You cannot effectively serve urban students and engage with urban families if you are unwilling to go where they live. I don’t mean that you have to do a house visit for every student that you teach. However, you should know the neighborhoods where your students live and […]
R. Rakeem Miller, Sr. is an educator with a passion for urban education and a heart for empowering students, families and fellow educators. He is also a husband and a father who is devoted to his family.
He has served as a social studies teacher for the past 6 years in Camden City charter schools. He has experience teaching social studies to grades 5 through 12, mentoring first-year teachers, coaching, writing curricula, facilitating professional development and as an assistant principal of school-wide discipline. Currently, he is a director of a federally funded after-school program in the Woodbury City school district.
Mr. Miller is honored to be married to his wife of 7 years. Their union has yielded 4 beautiful children. He and his family currently reside in Southern, New Jersey.
Mr. Miller is also an author of two books and a contributor to one book. He is the author of The Double D's of Destruction: How Our Distracted and Desensitized Consciousness Is Destroying Our Communities and Failing Our Children and The Cooper Street Offense: A Philosophy for Reaching, Teaching and Discipling Black and Hispanic/Latino Students in Inner City Schools. He is a contributor in Black Male Teachers: Diversifying the United States' Teacher Workforce.
He is a graduate of Rutgers, the State University of New Jersey with a B.A. in Political Science and an M.P.A. in Public Policy and Administration. Currently, he is pursuing a doctoral degree in Public Affairs and Community Development at Rutgers, The State University of New Jersey.
For the most part I'm a very easy-going person. However one of the things that I cannot tolerate is being disrespected by an colleague or superior. I don’t tolerate being disrespected by a child either, but I digress. A few years ago, I had a job where I […]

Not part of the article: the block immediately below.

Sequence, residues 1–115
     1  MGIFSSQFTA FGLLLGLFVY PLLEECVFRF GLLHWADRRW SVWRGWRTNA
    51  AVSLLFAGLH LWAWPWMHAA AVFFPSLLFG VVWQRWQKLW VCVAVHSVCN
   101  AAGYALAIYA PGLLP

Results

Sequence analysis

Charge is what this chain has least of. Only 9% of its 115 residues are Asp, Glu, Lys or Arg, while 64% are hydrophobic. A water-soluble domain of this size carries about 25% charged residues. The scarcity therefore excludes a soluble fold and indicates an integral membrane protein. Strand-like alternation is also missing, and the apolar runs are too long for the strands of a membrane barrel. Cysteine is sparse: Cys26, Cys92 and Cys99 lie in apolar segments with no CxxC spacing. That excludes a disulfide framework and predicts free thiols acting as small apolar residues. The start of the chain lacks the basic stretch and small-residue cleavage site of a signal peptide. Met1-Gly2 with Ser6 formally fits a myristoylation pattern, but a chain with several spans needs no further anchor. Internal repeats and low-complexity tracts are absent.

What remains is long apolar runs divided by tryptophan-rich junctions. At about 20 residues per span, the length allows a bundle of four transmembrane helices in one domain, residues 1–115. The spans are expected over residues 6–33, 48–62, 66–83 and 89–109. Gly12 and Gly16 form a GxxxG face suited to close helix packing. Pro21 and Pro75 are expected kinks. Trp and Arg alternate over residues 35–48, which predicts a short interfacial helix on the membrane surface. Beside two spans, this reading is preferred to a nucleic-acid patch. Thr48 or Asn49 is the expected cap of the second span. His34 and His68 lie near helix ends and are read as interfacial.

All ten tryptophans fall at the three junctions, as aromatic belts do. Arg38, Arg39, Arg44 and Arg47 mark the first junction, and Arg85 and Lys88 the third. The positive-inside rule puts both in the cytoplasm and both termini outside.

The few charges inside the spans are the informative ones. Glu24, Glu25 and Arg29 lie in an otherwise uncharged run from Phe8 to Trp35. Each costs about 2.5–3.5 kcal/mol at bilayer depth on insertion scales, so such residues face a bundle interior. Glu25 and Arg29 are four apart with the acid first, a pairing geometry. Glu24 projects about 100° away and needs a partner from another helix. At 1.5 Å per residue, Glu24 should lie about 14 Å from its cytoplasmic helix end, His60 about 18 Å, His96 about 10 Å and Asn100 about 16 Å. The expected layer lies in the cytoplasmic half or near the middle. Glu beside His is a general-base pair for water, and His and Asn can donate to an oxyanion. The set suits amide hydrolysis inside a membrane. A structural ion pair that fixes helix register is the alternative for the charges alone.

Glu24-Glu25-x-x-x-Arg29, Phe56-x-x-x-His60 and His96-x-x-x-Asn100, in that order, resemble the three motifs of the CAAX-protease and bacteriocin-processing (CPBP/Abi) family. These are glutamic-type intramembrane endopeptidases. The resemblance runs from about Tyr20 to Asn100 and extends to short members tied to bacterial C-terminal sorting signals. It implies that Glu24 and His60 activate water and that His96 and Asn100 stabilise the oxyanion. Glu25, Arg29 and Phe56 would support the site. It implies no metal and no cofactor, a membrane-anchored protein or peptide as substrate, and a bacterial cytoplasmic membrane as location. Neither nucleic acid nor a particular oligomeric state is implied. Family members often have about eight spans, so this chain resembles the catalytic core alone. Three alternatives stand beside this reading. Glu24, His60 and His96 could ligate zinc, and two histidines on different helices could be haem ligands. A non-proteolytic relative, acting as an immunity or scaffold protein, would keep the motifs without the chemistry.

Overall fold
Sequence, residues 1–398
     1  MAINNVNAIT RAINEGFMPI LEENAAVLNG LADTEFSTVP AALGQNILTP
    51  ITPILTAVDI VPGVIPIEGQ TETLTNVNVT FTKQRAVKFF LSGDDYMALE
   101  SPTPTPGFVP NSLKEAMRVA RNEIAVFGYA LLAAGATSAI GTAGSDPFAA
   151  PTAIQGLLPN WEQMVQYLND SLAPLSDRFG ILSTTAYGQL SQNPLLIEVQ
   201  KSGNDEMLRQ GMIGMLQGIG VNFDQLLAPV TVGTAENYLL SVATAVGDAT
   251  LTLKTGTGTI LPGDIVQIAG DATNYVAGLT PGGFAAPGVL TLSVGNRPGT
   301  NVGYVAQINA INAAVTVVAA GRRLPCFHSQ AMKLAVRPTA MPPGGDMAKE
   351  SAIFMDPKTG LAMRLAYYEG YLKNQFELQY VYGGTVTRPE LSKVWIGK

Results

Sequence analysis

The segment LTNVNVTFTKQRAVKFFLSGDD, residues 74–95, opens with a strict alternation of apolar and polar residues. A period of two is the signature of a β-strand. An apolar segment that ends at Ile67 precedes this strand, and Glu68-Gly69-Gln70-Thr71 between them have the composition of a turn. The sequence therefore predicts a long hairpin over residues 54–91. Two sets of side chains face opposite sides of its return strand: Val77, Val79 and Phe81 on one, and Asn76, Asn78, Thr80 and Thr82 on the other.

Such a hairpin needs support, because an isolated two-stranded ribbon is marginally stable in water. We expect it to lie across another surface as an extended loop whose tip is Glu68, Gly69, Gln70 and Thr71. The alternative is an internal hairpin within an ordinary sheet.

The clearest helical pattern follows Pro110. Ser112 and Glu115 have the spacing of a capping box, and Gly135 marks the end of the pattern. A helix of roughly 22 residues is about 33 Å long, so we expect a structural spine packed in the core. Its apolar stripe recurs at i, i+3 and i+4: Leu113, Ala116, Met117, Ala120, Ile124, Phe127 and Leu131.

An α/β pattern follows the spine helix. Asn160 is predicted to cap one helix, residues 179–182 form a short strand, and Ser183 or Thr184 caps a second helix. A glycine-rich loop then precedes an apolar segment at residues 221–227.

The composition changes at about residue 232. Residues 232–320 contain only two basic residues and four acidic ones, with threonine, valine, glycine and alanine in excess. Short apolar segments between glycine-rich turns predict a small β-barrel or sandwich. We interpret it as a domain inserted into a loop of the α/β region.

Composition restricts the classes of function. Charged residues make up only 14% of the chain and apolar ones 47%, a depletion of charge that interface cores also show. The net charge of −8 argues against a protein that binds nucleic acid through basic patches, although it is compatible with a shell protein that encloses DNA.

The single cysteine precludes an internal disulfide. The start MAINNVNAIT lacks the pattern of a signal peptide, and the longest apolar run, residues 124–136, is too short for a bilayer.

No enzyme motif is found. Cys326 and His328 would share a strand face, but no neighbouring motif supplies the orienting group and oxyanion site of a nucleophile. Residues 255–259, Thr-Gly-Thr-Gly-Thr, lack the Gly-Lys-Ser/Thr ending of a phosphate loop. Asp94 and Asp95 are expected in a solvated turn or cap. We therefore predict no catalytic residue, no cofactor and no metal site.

I came into the world of education as a teacher seven years ago. I taught social studies; primarily U.S. and world history. I taught in Camden, New Jersey. The majority of my students were Black and Latino. One of the things I prided myself on was teaching students […]
Months ago, the Education Trust released a report titled Through Our Eyes which detailed the experiences and feelings of Black teachers in American public schools. The revelations that Black teachers made in the report echoes many of the thoughts and feelings that I experienced while in the classroom. […]
One of the more unsettling realities about teaching is being a push-in teacher. A push-in teacher is a one who doesn't have their own classroom and uses an “open” classroom when it is their period to teach. Rather than sharing a classroom with another teacher, an administrator decides […]
I recently read a thread on Twitter regarding two Black children and their discomfort with their teacher’s usage of the N-word during a lesson. Long story short, a White teacher, in a room of mostly White students, in an attempt to teach about the N-word (the lesson objective […]
With the changing demographics of America’s student population, the teaching demographic in America’s schools must change with it. According to the National Center for Education Statistics, non-White teachers represent only 19% of the teaching workforce; Blacks make up 6.8% and Latinos only 7.8%. There is scholarship that articulates the […]